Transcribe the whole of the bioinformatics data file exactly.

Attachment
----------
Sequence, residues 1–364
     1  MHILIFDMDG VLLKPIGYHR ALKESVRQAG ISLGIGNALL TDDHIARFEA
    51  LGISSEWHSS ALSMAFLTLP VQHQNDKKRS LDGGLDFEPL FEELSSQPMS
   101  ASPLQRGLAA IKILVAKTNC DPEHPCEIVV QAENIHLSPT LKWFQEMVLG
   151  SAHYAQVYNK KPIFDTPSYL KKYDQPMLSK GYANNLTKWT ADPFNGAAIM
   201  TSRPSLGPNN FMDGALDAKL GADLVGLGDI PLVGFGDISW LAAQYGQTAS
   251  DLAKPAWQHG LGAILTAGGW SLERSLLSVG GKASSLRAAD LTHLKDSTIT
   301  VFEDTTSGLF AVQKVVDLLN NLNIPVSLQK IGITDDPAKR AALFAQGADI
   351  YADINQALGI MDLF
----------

Sequence, residues 1–364
     1  MHILIFDMDG VLLKPIGYHR ALKESVRQAG ISLGIGNALL TDDHIARFEA
    51  LGISSEWHSS ALSMAFLTLP VQHQNDKKRS LDGGLDFEPL FEELSSQPMS
   101  ASPLQRGLAA IKILVAKTNC DPEHPCEIVV QAENIHLSPT LKWFQEMVLG
   151  SAHYAQVYNK KPIFDTPSYL KKYDQPMLSK GYANNLTKWT ADPFNGAAIM
   201  TSRPSLGPNN FMDGALDAKL GADLVGLGDI PLVGFGDISW LAAQYGQTAS
   251  DLAKPAWQHG LGAILTAGGW SLERSLLSVG GKASSLRAAD LTHLKDSTIT
   301  VFEDTTSGLF AVQKVVDLLN NLNIPVSLQK IGITDDPAKR AALFAQGADI
   351  YADINQALGI MDLF